|Author by||: David Capper|
In this book, we have hand-picked the most sophisticated, unanticipated, absorbing (if not at times crackpot!), original and musing book reviews of "The Taliban Shuffle: Strange Days in Afghanistan and Pakistan." Don't say we didn't warn you: these reviews are known to shock with their unconventionality or intimacy. Some may be startled by their biting sincerity; others may be spellbound by their unbridled flights of fantasy. Don't buy this book if: 1. You don't have nerves of steel. 2. You expect to get pregnant in the next five minutes. 3. You've heard it all.
|Author by||: Jonathan Clements|
|Editor||: Haus Publishing|
The Silk Road is not a place, but a journey, a route from the edges of the Mediterranean to the central plains of China, through high mountains and inhospitable deserts. For thousands of years its history has been a traveler’s history, of brief encounters in desert towns, snowbound passes and nameless forts. It was the conduit that first brought Buddhism, Christianity and Islam into China, and the site of much of the “Great Game” between 19th-century empires. Today, its central section encompasses several former Soviet republics, and the Chinese Autonomous Region of Xinjiang. The ancient trade route controversially crosses the sites of several forgotten kingdoms, buried in sand and only now revealing their secrets. A History of the Silk Road not only offers the reader a chronological outline of the region’s development, but also provides an invaluable introduction to its languages, literature, and arts. It takes a comprehensive and illuminating look at the rich history of this dynamic and little known region, and provides an easy-to-use reference source. Jonathan Clements pays particular attention to the fascinating historical sites which feature on any visitor’s itinerary and also gives special emphasis to the writings and reactions of travelers through the centuries.
|Author by||: Rajiv Chandrasekaran|
A National Book Award Finalist and New York Times Bestseller The Green Zone, Baghdad, Iraq, 2003: in this walled-off compound of swimming pools and luxurious amenities, Paul Bremer and his Coalition Provisional Authority set out to fashion a new, democratic Iraq. Staffed by idealistic aides chosen primarily for their views on issues such as abortion and capital punishment, the CPA spent the crucial first year of occupation pursuing goals that had little to do with the immediate needs of a postwar nation: flat taxes instead of electricity and deregulated health care instead of emergency medical supplies. In this acclaimed firsthand account, the former Baghdad bureau chief of The Washington Post gives us an intimate portrait of life inside this Oz-like bubble, which continued unaffected by the growing mayhem outside. This is a quietly devastating tale of imperial folly, and the definitive history of those early days when things went irrevocably wrong in Iraq.
|Author by||: David Rohde,Kristen Mulvihill|
The compelling and insightful account of a New York Times reporter's abduction by the Taliban, and his wife's struggle to free him. Invited to an interview by a Taliban commander, New York Times reporter David Rohde and two Afghan colleagues were kidnapped in November 2008 and spirited to the tribal areas of Pakistan. For the next seven months, they lived in an alternate reality, ruled by jihadists, in which paranoia, conspiracy theories, and shifting alliances abounded. Held in bustling towns, they found that Pakistan's powerful military turned a blind eye to a sprawling Taliban ministate that trained suicide bombers, plotted terrorist attacks, and helped shelter Osama bin Laden. In New York, David's wife of two months, Kristen Mulvihill, his family, and The New York Times struggled to navigate the labyrinth of issues that confront the relatives of hostages. Their methodical, Western approach made little impact on the complex mix of cruelty, irrationality, and criminality that characterizes the militant Islam espoused by David's captors. In the end, a stolen piece of rope and a prayer ended the captivity. The experience tested and strengthened Mulvihill and Rohde's relationship and exposed the failures of American effort in the region. The tale of those seven months is at once a love story and a reflection of the great cultural divide-and challenge-of our time.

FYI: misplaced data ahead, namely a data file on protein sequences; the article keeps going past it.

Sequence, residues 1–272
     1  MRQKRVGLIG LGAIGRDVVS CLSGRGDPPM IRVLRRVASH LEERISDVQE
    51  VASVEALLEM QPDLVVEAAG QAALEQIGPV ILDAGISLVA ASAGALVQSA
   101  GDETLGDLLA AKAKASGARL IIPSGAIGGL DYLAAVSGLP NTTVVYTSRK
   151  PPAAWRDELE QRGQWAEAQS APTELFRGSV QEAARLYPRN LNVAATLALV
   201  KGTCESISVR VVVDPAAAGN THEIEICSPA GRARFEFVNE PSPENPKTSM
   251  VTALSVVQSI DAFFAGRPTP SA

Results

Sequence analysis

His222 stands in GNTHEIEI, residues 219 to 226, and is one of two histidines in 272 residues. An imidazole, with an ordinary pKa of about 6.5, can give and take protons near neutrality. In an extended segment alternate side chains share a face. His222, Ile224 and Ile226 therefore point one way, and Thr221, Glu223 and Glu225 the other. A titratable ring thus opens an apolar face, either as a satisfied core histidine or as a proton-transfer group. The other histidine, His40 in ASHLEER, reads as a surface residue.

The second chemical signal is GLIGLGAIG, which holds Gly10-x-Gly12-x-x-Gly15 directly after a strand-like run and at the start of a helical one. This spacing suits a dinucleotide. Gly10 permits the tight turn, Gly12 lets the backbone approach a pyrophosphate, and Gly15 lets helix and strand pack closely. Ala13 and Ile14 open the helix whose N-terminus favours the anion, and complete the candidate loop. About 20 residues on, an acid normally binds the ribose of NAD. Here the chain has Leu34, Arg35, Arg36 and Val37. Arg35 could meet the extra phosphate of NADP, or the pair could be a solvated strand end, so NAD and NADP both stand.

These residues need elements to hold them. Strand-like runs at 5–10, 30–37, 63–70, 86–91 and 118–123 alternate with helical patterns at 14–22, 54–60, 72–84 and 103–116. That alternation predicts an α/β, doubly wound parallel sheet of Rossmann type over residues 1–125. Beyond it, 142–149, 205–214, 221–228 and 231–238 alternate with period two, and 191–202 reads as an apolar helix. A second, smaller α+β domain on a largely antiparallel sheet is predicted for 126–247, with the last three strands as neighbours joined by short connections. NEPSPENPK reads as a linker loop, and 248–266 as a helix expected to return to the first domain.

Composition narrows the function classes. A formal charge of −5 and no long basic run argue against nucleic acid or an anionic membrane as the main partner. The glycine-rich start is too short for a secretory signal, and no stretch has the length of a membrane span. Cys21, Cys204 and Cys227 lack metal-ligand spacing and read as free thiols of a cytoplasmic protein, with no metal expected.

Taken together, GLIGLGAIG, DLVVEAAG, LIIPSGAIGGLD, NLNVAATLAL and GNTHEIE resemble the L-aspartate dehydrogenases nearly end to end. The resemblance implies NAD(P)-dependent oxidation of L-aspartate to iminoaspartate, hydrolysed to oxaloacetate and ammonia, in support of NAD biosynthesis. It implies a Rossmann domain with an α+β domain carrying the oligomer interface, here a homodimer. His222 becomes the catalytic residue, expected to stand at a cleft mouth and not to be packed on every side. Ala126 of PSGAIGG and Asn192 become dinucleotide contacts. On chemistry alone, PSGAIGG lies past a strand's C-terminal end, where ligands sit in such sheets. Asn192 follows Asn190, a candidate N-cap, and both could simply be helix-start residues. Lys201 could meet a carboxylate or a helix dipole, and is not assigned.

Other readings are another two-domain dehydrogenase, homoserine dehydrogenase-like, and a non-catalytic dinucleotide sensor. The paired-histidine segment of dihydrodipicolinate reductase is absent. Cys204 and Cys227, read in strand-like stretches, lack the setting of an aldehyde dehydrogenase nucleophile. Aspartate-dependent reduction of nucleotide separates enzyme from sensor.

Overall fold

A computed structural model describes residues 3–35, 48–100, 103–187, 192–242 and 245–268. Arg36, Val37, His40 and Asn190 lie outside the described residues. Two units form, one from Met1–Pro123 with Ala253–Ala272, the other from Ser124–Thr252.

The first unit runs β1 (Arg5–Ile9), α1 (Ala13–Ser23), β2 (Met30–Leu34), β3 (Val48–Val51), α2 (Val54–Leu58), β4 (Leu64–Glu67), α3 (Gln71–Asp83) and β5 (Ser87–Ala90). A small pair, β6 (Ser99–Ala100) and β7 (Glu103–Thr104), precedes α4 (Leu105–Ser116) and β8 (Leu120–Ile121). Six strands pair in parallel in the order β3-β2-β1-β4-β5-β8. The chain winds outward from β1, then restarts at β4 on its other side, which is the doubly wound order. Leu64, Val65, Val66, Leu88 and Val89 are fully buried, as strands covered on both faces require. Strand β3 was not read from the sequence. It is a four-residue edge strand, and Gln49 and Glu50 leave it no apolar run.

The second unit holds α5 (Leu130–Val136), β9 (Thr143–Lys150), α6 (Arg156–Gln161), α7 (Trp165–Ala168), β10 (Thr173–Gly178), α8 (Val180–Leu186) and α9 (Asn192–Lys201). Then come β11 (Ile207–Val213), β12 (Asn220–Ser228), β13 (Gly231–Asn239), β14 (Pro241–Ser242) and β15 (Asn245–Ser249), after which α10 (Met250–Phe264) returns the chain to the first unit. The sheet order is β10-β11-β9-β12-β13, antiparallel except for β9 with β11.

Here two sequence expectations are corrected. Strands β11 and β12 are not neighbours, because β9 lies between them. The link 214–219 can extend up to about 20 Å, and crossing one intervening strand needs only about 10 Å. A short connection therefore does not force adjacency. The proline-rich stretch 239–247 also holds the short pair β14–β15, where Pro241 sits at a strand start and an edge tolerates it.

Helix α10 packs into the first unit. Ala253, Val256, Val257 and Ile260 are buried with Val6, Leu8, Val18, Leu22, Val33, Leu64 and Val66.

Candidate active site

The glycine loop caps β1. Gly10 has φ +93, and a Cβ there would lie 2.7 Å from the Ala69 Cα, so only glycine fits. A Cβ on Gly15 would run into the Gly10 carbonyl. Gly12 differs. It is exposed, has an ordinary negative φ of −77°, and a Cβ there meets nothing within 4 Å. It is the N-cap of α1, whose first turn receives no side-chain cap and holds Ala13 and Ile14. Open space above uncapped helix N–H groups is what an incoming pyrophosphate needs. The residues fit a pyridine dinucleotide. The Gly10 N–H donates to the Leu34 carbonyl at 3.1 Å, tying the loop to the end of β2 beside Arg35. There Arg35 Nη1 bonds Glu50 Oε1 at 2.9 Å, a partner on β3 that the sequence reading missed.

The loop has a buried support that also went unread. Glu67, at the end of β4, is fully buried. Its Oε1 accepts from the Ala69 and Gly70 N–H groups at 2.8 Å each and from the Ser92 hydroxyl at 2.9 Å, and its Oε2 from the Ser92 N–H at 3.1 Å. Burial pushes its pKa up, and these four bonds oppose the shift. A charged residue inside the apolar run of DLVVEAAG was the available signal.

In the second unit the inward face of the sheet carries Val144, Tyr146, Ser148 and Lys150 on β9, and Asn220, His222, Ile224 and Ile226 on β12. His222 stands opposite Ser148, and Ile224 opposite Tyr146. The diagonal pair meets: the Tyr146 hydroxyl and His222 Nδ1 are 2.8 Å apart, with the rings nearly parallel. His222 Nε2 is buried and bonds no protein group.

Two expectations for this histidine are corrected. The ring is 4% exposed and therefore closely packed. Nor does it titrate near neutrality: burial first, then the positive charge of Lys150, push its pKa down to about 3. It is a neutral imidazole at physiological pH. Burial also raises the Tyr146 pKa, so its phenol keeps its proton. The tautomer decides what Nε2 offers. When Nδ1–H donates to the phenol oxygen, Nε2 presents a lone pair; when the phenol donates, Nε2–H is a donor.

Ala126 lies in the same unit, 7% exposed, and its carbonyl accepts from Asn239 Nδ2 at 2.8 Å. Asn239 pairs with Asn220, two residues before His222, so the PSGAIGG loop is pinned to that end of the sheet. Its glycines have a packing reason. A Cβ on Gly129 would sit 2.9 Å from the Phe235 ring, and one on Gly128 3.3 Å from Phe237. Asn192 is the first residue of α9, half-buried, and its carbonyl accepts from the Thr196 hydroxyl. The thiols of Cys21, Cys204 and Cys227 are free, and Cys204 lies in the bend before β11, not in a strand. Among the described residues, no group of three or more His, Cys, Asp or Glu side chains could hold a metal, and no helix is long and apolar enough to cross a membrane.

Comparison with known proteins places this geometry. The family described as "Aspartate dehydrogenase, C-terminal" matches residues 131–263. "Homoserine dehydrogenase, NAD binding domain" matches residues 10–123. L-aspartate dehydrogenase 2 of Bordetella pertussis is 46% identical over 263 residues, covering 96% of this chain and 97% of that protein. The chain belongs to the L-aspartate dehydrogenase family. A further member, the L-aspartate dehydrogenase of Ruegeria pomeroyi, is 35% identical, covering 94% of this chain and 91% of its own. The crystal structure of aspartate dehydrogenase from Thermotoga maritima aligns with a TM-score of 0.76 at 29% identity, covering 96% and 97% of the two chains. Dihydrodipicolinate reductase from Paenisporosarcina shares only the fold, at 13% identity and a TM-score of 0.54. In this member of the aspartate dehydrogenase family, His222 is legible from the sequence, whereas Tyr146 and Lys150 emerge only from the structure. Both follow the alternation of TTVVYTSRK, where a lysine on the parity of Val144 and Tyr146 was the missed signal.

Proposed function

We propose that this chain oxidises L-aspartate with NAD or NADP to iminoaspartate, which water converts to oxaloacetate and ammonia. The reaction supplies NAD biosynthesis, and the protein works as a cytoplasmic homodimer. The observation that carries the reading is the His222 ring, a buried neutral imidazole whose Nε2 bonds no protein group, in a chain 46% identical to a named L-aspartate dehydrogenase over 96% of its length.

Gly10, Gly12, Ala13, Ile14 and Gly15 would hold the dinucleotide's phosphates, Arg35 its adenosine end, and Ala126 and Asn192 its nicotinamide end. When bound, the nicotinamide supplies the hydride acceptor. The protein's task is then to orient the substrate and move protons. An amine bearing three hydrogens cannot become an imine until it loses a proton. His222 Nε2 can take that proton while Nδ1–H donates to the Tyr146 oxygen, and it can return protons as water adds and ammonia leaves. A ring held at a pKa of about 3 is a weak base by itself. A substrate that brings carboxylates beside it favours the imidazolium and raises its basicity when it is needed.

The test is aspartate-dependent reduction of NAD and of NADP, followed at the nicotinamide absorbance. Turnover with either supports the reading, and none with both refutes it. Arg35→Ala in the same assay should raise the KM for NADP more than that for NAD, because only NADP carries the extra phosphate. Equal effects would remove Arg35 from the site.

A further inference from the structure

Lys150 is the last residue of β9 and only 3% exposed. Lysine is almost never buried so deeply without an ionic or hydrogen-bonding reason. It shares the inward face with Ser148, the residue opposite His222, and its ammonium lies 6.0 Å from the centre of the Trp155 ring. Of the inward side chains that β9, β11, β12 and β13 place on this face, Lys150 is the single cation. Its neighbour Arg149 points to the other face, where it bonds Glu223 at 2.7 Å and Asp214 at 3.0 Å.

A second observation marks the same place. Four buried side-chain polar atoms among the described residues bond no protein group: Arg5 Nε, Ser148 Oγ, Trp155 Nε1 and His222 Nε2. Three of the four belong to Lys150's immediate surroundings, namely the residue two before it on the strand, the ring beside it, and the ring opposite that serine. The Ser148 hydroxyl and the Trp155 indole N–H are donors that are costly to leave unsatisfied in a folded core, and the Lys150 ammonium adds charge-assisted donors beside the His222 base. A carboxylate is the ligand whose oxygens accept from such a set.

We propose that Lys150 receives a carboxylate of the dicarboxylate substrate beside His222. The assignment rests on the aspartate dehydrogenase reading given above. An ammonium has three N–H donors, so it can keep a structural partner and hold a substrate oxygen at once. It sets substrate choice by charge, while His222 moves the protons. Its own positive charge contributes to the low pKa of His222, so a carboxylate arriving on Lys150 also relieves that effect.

|Author by||: Paula Bronstein|
|Editor||: University of Texas Press|
The Afghan people are standing at a crucial crossroads in history. Can their fragile democratic institutions survive the drawdown of US military support? Will Afghan women and girls be stripped of their modest gains in freedom and opportunity as the West loses interest in their plight? While the media have largely moved on from these stories, Paula Bronstein remains passionately committed to bearing witness to the lives of the Afghan people. In this powerful photo essay, she goes beyond war coverage to reveal the full complexity of daily life in what may be the world's most reported on yet least known country. Afghanistan: Between Hope and Fear presents a photographic portrait of this war-torn country's people across more than a decade. With empathy born of the challenges of being an American female photojournalist working in a conservative Islamic country, Bronstein gives voice to those Afghans, particularly women and children, rendered silent during the violent Taliban regime. She documents everything from the grave trials facing the country—human rights abuses against women, poverty and the aftermath of war, and heroin addiction, among them—to the stirrings of new hope, including elections, girls' education, and work and recreation. Fellow award-winning journalist Christina Lamb describes the gains that Afghan women have made since the overthrow of the Taliban, as well as the daunting obstacles they still face. An eloquent portrait of everyday life, Afghanistan: Between Hope and Fear is the most complete visual narrative history of the country currently in print.